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Connections Project 3/25/04

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  1. Connections Project3/25/04 • Kevin Burr • High Schools That Work • SREB

  2. GCHS Mission: Making the Best Better “Where we do what we love; Love what we do; And deliver more than is promised.”

  3. District-WideVision Statement • Demonstrating Excellence: • Preparing for Tomorrow.

  4. GCHS Student Population

  5. GCHS Student PopulationEthnic Disaggregating

  6. In-Out Information (Transience) within the school year.

  7. GCHS Dropout Rates 1992-1996

  8. Key Events • 1985-00 = GC grows by 65% (33,000) Fastest growing community in Kansas. • 1994 = 18 different gangs identified in the school and community. • 1995 = 15 Different foreign languages/dialects spoken in GC schools. (25+ Nationalities) • 1996 = Racial Tension at its highest. • 1996 = Homecoming Canceled (CNN, NBC, CBS).

  9. Did GCHS provide a safe and drug-free environment? (1996)

  10. Students: Do you feel safe at GCHS?

  11. ?

  12. Implemented High Schools That Work philosophies. • Key Practice #1: • Set high expectations and get students to meet them.

  13. It matters that students take the right academic courses. It matters that schools offer quality career/technical courses. It matters that more students meet curriculum and performance standards It matters that teachers engage students in completing challenging assignments. It matters that everyone supports high expectations. It matters that students get extra help in meeting higher standards. It matters that schools offer a supportive guidance system. It matters that teachers work together. Eight things that matter most in raising student achievement. (HSTW)

  14. Challenge 1 • Unify all of the GCHS community to begin instilling a culture for high expectations and increased student achievement for ALL students. “What’s good enough for the best ought to be good enough for the rest.”

  15. Challenge 1: Action Steps • For School Principals: • Hold classroom time sacred. • Hold monthly interviews with students. • Identify Master teachers to serve as coaches. • Restructure faculty meetings. • Require teachers to observe other staff. • Make frequent classroom visits. • Curricular decisions become data-driven. • Tie staff development to raising student achievement in your school.

  16. Challenge 1: Action Steps • For Teachers: • Hold students accountable. • Establish the “culture” of success. • Require effective homework in ALL classes. • School-wide initiatives (Writing, Reading, Math). • Detailed course syllabus for ALL classes. • Curriculum mapping/pacing guides. • Standards-Based/Assessment Driven Curriculum.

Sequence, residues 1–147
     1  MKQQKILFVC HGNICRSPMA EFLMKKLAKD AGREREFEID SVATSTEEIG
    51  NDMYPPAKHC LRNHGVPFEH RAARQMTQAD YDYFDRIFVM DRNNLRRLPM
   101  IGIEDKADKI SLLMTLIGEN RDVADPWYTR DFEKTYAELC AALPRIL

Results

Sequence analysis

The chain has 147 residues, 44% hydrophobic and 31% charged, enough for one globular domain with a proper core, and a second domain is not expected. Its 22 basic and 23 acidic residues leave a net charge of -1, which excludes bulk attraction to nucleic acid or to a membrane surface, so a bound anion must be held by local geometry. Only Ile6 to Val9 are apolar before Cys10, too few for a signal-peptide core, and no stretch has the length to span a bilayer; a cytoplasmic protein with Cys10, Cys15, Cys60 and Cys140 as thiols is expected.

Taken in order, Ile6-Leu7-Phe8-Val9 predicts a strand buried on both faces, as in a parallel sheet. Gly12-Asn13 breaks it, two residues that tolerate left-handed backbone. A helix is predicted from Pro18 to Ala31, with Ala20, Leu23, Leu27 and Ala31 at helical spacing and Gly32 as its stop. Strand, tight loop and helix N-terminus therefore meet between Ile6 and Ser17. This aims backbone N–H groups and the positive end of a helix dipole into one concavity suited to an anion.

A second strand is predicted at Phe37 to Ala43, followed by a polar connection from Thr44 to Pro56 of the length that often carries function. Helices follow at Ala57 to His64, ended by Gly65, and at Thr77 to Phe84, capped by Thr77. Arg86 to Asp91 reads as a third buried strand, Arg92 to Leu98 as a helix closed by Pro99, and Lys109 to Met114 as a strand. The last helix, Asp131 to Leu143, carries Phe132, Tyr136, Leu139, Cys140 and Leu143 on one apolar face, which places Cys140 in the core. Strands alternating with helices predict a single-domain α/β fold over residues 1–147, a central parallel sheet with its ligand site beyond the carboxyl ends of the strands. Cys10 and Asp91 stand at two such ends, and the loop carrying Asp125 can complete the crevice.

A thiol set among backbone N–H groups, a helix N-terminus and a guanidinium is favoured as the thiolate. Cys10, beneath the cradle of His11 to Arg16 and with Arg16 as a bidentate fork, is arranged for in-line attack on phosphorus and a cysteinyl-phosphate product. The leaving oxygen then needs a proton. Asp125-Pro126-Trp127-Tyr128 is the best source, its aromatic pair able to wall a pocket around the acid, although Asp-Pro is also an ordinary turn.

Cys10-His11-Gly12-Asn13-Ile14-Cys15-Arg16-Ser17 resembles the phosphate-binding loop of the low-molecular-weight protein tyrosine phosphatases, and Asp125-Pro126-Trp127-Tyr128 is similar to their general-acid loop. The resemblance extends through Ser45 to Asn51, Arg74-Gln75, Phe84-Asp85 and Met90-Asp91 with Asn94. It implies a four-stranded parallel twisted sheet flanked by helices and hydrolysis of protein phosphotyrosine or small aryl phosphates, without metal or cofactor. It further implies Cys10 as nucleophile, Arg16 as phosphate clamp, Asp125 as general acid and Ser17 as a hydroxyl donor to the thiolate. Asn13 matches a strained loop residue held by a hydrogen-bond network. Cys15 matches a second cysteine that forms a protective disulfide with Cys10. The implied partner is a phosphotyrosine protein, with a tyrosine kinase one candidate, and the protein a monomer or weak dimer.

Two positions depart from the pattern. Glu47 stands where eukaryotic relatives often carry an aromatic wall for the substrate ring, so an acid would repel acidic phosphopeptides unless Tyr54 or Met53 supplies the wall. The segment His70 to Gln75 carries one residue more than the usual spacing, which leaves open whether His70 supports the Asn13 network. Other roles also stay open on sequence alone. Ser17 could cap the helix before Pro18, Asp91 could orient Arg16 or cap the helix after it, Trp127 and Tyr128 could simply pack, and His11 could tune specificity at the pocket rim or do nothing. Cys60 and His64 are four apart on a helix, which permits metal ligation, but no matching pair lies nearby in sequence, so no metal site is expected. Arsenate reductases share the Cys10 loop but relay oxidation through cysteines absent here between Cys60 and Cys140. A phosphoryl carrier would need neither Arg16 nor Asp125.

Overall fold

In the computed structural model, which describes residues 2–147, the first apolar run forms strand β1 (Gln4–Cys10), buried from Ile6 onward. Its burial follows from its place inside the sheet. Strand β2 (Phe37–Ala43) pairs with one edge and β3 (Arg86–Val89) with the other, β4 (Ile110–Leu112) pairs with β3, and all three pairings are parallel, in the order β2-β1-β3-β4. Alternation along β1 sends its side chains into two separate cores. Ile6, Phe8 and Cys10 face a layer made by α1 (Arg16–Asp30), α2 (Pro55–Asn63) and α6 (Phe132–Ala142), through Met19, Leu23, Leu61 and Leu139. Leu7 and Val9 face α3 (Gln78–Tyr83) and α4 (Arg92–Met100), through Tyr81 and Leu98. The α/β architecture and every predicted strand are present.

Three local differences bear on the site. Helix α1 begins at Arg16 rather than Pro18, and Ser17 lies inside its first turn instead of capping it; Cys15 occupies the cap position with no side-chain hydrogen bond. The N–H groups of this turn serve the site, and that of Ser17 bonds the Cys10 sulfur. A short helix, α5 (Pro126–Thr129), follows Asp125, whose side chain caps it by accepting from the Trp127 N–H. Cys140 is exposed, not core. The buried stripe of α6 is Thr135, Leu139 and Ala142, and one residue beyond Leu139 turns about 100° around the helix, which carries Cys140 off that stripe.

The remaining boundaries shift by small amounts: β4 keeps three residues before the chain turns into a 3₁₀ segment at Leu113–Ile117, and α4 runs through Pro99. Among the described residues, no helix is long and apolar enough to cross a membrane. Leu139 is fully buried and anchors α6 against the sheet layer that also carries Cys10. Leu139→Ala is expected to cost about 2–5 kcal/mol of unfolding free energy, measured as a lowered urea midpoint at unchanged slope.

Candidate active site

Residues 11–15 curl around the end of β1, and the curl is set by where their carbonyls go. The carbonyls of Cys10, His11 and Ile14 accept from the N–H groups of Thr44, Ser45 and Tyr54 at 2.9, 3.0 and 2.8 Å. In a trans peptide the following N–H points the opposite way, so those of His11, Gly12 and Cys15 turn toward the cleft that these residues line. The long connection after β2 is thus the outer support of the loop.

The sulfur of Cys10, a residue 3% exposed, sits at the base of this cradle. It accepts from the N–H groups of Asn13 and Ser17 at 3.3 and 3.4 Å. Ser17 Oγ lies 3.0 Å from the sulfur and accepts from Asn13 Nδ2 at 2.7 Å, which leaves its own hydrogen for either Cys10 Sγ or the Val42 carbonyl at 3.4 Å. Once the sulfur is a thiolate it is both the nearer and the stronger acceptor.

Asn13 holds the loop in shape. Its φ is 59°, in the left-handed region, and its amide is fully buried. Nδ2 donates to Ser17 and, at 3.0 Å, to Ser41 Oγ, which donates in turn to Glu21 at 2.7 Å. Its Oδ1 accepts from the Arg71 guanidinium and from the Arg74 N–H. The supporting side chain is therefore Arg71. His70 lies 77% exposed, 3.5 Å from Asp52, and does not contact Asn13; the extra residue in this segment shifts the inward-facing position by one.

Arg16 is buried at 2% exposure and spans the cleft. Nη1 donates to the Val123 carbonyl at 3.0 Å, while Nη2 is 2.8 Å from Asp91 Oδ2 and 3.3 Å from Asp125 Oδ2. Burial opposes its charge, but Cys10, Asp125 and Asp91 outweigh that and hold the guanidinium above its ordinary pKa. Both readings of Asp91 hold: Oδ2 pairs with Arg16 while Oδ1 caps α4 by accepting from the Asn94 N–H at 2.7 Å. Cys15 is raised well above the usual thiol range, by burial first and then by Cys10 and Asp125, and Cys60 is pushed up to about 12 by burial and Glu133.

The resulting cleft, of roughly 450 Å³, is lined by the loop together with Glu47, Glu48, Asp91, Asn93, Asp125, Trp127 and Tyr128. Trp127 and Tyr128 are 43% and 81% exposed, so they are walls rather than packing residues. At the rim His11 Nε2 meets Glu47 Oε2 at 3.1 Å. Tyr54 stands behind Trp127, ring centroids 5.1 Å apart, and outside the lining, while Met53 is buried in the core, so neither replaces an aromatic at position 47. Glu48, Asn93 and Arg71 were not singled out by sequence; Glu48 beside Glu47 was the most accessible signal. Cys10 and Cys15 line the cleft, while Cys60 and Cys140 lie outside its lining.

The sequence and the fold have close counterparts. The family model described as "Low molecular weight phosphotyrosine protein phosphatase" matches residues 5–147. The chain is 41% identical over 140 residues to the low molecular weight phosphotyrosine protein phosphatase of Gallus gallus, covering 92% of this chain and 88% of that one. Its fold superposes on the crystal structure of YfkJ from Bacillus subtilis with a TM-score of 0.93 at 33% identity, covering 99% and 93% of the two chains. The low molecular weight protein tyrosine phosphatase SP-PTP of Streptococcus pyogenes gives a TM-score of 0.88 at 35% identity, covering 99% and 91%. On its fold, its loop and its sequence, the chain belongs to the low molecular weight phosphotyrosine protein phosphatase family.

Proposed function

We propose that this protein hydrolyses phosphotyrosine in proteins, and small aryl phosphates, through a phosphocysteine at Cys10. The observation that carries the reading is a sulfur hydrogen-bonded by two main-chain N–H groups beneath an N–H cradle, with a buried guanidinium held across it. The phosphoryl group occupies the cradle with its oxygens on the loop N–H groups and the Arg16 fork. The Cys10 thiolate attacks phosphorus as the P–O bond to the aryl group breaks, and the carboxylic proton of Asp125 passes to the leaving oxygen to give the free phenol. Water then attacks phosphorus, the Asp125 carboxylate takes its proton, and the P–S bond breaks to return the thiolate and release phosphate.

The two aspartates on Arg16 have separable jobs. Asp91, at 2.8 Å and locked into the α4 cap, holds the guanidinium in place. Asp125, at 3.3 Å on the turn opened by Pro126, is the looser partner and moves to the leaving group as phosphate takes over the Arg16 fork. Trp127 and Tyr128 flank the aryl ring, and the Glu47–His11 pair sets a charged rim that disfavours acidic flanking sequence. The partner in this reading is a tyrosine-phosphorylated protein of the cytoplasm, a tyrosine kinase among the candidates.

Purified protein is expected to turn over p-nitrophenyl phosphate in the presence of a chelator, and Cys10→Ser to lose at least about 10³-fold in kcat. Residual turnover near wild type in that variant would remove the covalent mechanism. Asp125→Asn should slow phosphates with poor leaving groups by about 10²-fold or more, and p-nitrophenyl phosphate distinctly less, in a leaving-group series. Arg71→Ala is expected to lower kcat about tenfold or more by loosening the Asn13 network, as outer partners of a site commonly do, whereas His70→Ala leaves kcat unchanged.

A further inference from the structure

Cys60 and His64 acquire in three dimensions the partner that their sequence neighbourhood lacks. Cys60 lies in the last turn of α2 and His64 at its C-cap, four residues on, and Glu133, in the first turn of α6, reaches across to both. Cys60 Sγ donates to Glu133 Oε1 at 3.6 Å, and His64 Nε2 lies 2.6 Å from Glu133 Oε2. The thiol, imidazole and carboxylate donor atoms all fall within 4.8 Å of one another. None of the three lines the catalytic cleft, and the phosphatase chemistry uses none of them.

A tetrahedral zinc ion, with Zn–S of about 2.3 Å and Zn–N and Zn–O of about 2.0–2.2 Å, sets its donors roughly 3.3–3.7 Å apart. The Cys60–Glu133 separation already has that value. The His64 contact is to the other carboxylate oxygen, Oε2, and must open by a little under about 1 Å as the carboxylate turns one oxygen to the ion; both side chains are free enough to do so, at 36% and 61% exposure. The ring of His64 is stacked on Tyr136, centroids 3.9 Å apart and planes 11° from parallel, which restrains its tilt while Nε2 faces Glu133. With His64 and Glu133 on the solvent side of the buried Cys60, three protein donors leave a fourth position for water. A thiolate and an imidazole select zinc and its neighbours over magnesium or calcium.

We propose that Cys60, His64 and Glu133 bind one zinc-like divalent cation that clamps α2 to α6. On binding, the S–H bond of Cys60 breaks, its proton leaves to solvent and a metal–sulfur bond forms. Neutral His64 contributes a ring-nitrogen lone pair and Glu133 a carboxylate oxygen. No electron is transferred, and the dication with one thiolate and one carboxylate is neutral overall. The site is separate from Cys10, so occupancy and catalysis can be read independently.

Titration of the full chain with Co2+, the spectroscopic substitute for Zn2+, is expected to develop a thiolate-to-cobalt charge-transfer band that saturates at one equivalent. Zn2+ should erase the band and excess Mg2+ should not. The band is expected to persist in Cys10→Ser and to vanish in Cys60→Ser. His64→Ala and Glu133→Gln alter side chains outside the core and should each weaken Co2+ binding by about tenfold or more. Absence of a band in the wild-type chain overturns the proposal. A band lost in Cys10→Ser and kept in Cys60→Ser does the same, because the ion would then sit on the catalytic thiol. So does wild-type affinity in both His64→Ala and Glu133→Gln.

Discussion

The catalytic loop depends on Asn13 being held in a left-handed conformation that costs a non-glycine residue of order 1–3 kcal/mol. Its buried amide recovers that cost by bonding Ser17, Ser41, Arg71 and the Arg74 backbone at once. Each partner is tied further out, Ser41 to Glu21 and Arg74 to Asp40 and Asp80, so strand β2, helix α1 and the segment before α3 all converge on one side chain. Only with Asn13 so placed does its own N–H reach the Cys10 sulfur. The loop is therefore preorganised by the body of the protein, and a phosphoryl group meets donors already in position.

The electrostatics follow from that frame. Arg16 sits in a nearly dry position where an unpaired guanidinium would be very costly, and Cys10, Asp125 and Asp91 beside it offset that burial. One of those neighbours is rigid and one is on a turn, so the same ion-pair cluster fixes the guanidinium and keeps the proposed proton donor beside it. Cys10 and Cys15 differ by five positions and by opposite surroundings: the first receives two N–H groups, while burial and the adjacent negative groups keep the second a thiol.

17. Challenge 1: Action Steps • For Students: • Mandatory extra help. • Coordinated achievement reminders. • Require minimum standards of acceptable work (Essential Skills).

  18. It matters that students take the right academic courses. It matters that schools offer quality career/technical courses. It matters that more students meet curriculum and performance standards It matters that teachers engage students in completing challenging assignments. It matters that everyone supports high expectations. It matters that students get extra help in meeting higher standards. It matters that schools offer a supportive guidance system. It matters that teachers work together. Eight things that matter most in raising student achievement. (HSTW)

  19. Upgrading Academic Requirements for All Students • 1997-2002 • Increased graduation requirements • total credits from 21 to 26.5 (1998-2001) • math credits from 2 to 3 • science credits from 2 to 3 • oral communications credit from .5 to 1 • computer technology credits from 0 to 1 • Required algebra mastery of all students • Core Standards and Benchmarks (competency-based structure). • Restructured math curricular alignment. • Double-blocked math. • Required Senior Project (high stakes).

  20. GCHS Dropout Rates 1996-2003

  21. GCHS Graduation Rates

  22. Grade Distribution “A’s and B’s” 1996-2003

  23. Grade Distribution “F’s” 1996-03

  24. Enrollment Shifts in Upper Level Science Courses 1999-03

  25. Enrollment Shifts in Upper Level Math Courses 1999-03

  26. NAEP Results (GCHS) Reading 1996-2002

  27. Reading Results (GCHS)Percent Reaching HSTW Goal

  28. NAEP Results (GCHS)Math 1996-2002

  29. Math Results (GCHS)Percent Reaching HSTW Goal

  30. NAEP Results (GCHS) Science 1996-2002

  31. Science Results (GCHS)Percent Reaching HSTW Goal

  32. 2002 HSTW/NAEP CTE students vs. non-CTE • CTE students score higher than total student population • All students above HSTW goal • Programmed study seems to make a difference in student achievement.

  33. Kansas Assessment TestsMath 1996-2003

  34. KS Assessment Math – Proficient or Above 2000-2003

  35. Kansas Assessment TestsReading 1996-2003

  36. KS Assessment Reading – Proficient or Above 2000-03

  37. 2001-03 PLAN Test Reading Results

  38. 2001-03 PLAN TestScience Reasoning Results

  39. 2001-03 PLAN Test Math Results

  40. PLAN Test Results: Math (Alg/Geom/Alg II)

  41. School Climate/ Student and Parental Perceptions

  42. Did GCHS provide you with a positive learning experience?

  43. Did GCHS improve your ability to solve problems?

  44. Did GCHS teachers generally hold high standards and demand high quality work from you?

  45. Did GCHS provide a safe and drug-free environment?

  46. Did GCHS increase your ability to be responsible?

  47. Students: Do you feel safe at GCHS?

  48. Parents: Do you believe that GCHS is a safe environment for your child?